But the disruptive changes come when someone invents a new way of organising a business. Sticking with hairdressers – Finnish M Room has quickly become Europe’s largest hairdressing chain for men, with 60 salons in Finland and a rapid expansion into foreign markets.
The customers are being offered a membership where an annual fee includes unlimited haircuts in any of the chain’s salons. The membership guarantees barber, shaving and colouring services without the need to book ahead.
Using an app or the home page, customers can see how many people are in the queue. At the same time, they build customer loyalty which makes it possible to sell hair products via e-commerce. M Room deals exclusively with men. The salons all look the same, and there is no sign whatsoever of magazines for women. There are dart boards, however.
Linking a demand with customers by using the internet, smartphones and underused resources is often called the platform economy. The German company Foodora was founded in 2014 and offers home delivery of restaurant food using bikes. The company has seen explosive growth. It is now present in ten countries, including Finland, Norway and Sweden.
One of Foodora's 270 bikers in Oslo, where 150 restaurants have signed up.
5 000 restaurants have singed an agreement with Foodora, which guarantees the customers food within 35 minutes for a set fee. The company doubled its earnings every second month in the past 12 months, during which time more than 750 bikers delivered four million meals. That way many non-skill jobs were created – in this case the bikers don’t work with their hands as much as with their feet.
In the face of such rapid development, what can governments do to enhance the positive effects coming from digitalisation, and limit the negative ones? There is now a digital jungle of different systems which customers, citizens and employees must relate to:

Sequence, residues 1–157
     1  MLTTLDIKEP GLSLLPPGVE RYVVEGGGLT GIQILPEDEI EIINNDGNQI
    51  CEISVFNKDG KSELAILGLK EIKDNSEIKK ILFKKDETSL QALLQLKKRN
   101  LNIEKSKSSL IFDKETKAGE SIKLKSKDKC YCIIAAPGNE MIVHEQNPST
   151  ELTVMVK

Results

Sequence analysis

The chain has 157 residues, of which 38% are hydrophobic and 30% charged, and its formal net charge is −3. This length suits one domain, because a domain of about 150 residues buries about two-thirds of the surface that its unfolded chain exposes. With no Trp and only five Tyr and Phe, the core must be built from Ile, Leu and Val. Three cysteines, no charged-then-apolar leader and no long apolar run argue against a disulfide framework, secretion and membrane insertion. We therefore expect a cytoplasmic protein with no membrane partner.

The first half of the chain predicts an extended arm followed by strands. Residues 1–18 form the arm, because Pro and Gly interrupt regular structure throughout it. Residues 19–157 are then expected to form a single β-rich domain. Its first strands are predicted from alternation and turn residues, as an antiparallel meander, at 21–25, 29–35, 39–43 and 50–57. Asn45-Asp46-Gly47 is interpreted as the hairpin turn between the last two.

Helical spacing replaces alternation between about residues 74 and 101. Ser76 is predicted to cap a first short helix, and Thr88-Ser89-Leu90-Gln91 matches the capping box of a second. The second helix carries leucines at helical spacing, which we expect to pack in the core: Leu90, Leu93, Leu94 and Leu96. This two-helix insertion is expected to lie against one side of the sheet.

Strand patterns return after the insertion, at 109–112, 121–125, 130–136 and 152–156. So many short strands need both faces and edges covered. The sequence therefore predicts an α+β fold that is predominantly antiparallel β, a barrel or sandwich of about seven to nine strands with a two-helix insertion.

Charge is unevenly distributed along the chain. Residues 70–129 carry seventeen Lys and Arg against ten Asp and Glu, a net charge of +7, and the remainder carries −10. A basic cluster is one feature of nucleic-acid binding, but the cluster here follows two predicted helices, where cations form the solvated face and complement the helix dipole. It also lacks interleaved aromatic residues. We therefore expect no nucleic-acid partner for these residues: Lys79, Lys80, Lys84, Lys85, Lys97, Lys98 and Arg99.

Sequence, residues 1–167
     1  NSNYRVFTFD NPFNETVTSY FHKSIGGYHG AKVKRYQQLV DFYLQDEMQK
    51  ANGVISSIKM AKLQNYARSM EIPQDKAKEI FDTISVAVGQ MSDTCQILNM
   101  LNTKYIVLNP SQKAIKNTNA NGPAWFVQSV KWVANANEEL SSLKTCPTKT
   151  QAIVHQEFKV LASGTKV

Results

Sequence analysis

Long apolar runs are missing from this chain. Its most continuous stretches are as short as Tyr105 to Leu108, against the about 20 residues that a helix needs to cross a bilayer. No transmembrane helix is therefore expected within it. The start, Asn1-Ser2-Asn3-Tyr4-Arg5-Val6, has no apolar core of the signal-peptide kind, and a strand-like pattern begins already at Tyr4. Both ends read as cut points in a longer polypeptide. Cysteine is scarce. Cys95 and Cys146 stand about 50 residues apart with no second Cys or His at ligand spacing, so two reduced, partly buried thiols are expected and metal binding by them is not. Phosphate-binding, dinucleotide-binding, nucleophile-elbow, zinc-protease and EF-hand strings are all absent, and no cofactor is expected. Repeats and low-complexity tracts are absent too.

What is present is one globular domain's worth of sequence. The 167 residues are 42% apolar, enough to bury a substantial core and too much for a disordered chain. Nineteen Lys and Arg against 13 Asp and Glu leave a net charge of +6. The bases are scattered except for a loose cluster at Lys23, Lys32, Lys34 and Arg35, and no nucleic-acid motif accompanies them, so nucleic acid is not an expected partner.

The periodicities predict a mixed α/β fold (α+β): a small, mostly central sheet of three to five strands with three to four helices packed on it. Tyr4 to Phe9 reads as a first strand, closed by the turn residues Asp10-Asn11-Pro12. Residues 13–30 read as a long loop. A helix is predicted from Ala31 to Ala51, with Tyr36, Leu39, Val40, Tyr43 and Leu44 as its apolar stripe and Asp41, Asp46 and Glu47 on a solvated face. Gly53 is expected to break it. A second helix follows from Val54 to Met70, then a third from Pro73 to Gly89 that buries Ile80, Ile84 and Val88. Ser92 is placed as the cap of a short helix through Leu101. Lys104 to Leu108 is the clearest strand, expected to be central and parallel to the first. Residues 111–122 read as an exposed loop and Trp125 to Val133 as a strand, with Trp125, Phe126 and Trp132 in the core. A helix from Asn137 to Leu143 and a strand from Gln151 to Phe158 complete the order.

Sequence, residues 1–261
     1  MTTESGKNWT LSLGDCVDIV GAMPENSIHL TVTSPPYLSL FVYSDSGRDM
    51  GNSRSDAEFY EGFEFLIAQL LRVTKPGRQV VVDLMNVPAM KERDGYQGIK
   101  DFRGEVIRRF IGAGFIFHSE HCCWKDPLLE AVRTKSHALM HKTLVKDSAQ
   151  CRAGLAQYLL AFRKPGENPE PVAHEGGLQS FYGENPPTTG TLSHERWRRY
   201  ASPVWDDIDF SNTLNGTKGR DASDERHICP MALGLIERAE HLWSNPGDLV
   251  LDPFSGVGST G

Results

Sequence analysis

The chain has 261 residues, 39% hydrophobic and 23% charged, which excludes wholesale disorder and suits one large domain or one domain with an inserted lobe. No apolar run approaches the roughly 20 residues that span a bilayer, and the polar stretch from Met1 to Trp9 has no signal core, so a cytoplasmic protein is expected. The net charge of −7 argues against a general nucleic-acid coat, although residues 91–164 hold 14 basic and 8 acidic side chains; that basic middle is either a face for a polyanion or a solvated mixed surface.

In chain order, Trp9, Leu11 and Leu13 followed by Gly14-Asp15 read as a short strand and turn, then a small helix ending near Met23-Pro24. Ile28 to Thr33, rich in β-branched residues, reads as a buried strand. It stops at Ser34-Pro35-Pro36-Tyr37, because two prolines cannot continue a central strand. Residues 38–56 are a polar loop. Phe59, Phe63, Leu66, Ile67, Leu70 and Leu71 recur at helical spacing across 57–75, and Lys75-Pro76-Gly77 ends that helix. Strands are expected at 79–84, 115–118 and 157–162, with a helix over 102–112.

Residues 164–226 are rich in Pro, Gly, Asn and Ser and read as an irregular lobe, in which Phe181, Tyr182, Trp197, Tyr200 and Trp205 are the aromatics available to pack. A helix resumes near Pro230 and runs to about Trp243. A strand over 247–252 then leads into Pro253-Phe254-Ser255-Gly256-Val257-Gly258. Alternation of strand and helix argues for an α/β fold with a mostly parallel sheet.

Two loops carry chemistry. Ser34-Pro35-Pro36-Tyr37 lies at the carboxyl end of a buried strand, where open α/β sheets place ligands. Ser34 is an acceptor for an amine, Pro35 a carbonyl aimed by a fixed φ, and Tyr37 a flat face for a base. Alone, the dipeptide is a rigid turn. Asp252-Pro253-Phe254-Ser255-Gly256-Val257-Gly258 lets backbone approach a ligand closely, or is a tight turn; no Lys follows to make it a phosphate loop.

We see the emergence of an increasingly complex ecosystem of technological solutions within everything from transport to health and smart cities. Today this is sometimes a problem. Stockholm County Council alone reckons it has 1 600 different systems, writes Darja Isaksson, a member of the Prime Minister’s innovation council.
“When these do not function well together, it damages both the working environment and efficiency. At the same time the opposite solution – few but gigantic systems – would be more of an innovation dampening dystopia than something to hanker after. It should actually be easer and cheaper to complement or replace digital solutions with others,” she points out.
The infrastructure can still be better developed. Not even Denmark, which is small and flat, thinks it has sufficiently expanded its broadband services. The government’s goal is to have all households and businesses linked up to broadband with speeds of at least 100 Mbit/s download and 30 Mbit/s upload no later than 2020. But that kind of concrete goal is rare when looking at the state’s role in digitalisation.
To avoid bottlenecks you must of course make sure to train enough computer programmers and other important staff who are important for the digitalisation process. But the enormous amounts of data now being gathered, which makes it possible to measure not just what people say they want to do, but what they actually do do, also means there will be a lack of people with science, technology, engineering and mathematics skills, with a particular lack of statisticians and mathematicians.
Mapping how anonymous commuters with GPS-equipped mobile telephones behave can improve commuting traffic and provide algorithms which can be compared to historical data so that we can predict how traffic jams develop.
You need standardisation, making it easier to share information between different systems, but you also need clear rules for how information can be gathered and used.
“Do we accept that we will pay higher insurance premiums if our food purchasing history links us to a profile of someone with a higher risk of falling ill? That we don’t get a job interview because the computer has found out that our profile indicates a higher risk of sick leave?” asks Erik Lakomaa, a researcher at the Stockholm School of Economics in his chapter.
Perhaps researchers studying digitalisation must also use unconventional methods? The Norwegian Ministry of Labour has asked the Norwegian research foundation Fafo to study the sharing economy. They ask all visitors to their website to come up with an example of new businesses within the sharing economy. Already there are around 50 listed.